• Yield: Makes a 10-inch pie

The problem with pumpkin pie is pumpkin. Most pumpkins teeter toward tasteless. Instead, roast butternut squash and you get lush sweetness and kicks of caramel.

Adding eggs to a pie filling as the last ingredient allows you to taste the filling for flavor and balance with no concern about eating raw eggs. If you can fresh-grind whole spices for the pie, all the better. Any leftover filling can be baked with the pie for Black Friday breakfast.

This recipe is an updated version of a pie that debuted in Bon Appétit in 1979 in a piece I did about our Italian family Thanksgiving.


  • 1 cup (5 ounces) unbleached all-purpose flour, measured by dipping the cup into the flour and leveling

  • 1/2 cup (2.5 ounces) cake flour, dipped and leveled

  • 3 tablespoons sugar

  • 1/4 teaspoon salt

  • 10 tablespoons (5 ounces – 1-1/4 sticks) stone-cold unsalted butter, cut into chunks

  • 1 large egg, beaten

  • 2 to 3 tablespoons ice water

  • Butter for pie pan


  • 2 small to medium butternut squash, halved lengthwise and seeded

  • 3/4 cup sugar, or to taste

  • Generous 1/4 teaspoon salt

  • Generous 1/2 teaspoon ground ginger

  • 1-1/2 teaspoons cinnamon

  • 1/8 to 1/4 teaspoon ground cloves

  • 1/2 to 1 teaspoon ground allspice

  • 1 tablespoons vanilla

  • 1/8 teaspoon black pepper

  • 1/2 cup sour cream

  • About 1/2 cup milk

  • 3 large eggs, beaten


  • 1 cup heavy cream, whipped with 1/2 teaspoon vanilla and 2 teaspoons sugar

Up to 3 days ahead, make the pastry in a food processor by first blending the flours, sugar and salt, then pulsing in the butter until it looks like peas. Beat the egg with 1 tablespoon ice water and drizzle over the pastry. Pulse only until dough barely gathers together (3 to 5 seconds). Wrap and chill 1 hour to 2 days.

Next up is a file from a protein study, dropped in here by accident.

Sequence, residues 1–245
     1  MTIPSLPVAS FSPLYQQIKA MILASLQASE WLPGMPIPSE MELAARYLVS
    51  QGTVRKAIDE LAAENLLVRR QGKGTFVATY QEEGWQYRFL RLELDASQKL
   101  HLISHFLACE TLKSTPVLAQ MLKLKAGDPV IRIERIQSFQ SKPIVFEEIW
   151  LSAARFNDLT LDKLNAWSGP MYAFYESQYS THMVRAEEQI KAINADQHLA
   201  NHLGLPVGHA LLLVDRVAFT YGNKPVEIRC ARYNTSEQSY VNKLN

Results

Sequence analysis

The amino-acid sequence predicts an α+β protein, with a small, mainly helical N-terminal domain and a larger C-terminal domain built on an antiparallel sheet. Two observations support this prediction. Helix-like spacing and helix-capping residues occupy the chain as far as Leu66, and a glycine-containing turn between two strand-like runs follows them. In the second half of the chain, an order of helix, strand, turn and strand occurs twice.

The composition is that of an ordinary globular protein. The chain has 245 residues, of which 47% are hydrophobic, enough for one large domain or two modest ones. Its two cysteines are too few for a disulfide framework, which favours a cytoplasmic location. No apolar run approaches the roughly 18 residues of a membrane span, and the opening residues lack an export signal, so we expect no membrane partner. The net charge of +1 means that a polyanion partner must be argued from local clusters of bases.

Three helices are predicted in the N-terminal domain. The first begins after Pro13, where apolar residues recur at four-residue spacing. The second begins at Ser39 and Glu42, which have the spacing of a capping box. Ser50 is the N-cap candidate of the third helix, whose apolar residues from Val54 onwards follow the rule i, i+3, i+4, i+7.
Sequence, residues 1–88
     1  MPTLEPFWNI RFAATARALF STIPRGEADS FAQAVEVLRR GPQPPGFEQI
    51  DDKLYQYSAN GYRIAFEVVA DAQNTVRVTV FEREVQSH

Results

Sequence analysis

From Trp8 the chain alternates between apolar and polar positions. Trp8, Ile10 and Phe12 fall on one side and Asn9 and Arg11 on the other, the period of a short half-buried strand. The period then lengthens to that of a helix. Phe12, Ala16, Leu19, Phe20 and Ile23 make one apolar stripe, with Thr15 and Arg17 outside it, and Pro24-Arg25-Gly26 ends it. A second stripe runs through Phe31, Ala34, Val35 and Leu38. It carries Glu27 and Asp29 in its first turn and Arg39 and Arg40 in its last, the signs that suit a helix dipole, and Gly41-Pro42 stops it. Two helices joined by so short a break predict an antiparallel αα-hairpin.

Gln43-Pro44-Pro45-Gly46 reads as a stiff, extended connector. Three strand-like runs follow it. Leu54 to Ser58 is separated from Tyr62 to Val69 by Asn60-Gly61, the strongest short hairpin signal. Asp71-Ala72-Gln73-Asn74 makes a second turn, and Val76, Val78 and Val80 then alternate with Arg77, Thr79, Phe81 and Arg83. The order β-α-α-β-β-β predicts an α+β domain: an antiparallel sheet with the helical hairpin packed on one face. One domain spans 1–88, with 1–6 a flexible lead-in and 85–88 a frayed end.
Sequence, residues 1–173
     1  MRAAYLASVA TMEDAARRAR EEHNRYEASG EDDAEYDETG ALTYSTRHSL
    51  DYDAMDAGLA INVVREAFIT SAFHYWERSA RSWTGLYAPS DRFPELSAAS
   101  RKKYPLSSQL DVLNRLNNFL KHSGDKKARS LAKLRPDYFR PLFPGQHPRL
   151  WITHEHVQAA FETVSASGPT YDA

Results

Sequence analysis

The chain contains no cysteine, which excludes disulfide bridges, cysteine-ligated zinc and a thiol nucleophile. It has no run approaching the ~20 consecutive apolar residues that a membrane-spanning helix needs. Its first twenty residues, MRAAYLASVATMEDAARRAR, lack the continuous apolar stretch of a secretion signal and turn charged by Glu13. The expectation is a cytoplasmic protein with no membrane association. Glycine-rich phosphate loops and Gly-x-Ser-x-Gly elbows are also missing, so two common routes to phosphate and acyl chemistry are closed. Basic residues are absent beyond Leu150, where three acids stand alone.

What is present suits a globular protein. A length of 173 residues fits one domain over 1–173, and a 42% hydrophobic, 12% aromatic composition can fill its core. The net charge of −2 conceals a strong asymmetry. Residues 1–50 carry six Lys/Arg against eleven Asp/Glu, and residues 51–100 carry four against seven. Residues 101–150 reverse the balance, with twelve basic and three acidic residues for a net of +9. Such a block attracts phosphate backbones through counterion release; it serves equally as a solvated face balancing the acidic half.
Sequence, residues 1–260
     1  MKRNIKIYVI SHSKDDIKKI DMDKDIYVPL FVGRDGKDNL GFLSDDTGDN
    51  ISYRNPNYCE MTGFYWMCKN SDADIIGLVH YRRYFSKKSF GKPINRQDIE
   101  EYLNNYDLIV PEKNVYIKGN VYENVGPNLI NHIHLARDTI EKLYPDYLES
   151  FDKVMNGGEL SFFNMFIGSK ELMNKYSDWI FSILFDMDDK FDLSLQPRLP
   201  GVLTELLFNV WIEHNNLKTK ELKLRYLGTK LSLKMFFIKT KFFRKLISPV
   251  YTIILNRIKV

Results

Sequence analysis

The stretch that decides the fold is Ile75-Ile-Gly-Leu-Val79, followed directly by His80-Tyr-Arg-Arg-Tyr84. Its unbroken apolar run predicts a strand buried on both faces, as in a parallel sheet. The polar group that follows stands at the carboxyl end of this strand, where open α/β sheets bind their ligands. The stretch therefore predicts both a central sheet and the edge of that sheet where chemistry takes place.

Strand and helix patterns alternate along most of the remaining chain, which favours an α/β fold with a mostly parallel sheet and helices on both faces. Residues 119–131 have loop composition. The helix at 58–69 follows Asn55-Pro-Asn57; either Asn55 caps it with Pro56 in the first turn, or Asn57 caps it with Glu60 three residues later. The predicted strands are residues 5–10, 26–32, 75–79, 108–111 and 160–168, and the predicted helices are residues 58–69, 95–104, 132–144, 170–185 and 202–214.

Preheat oven to 400°F and place a rack in the center of the oven. Butter a 10" shiny, roomy metal pie pan (a dark one will overcook crust and a very shallow pan makes a skimpy pie).

On a lightly floured surface, roll out the pastry to about 1/8-inch thick. Gently fit it into the pan. Trim off all but a 1-inch rim hanging over the edge of the pan. Fold over the pastry so it is doubled on the pan’s rim. Pinch it together every 1/2 inch or so for a fluted crust. Chill 1 hour to overnight. Then line with foil and weights. Bake 10 minutes. Carefully remove the foil liner, with a fork pierce the crust in several places, and bake an additional 5 minutes or until dry looking. Remove from the oven and cool completely. Keep at room temperature up to 24 hours.

Roast the squash flesh-side down on an oiled cookie sheet in a 400°F oven. Bake one hour, or until a knife slips easily into the thickest part of the squash. They should be extremely tender.

Cool, then scoop out the squash and puree it completely in a food processor. You should end up with 3-1/2 to 3-3/4 cups puree.

To make the pie, have the oven at 400°F. In a food processor or a large bowl, beat together the squash, sugar, salt, spices, vanilla, pepper, sour cream and milk until smooth. Taste for sweetness and spiciness, adding more sugar and/or spices if needed. Then beat in the eggs.

Pour the filling into the baked pie shell (save any extra for baked custard). Set it on a cookie sheet to catch any spills. Bake 15 minutes then reduce heat to 325°F. Bake another 45 minutes to 1 hour. The pie is done when a knife inserted an inch or more in from the edge comes out nearly clean (the center will still be soft).

Cool the pie on a rack. Chill if you are holding it more than a couple of hours. Serve the pie at room temperature, either topped with the whipped cream or pass the cream at the table.

[More: It's not Thanksgiving without pumpkin pie]

Lynne Rossetto Kasper
Lynne Rossetto Kasper has won numerous awards as host of The Splendid Table, including two James Beard Foundation Awards (1998, 2008) for Best National Radio Show on Food, five Clarion Awards (2007, 2008, 2009, 2010, 2014) from Women in Communication, and a Gracie Allen Award in 2000 for Best Syndicated Talk Show.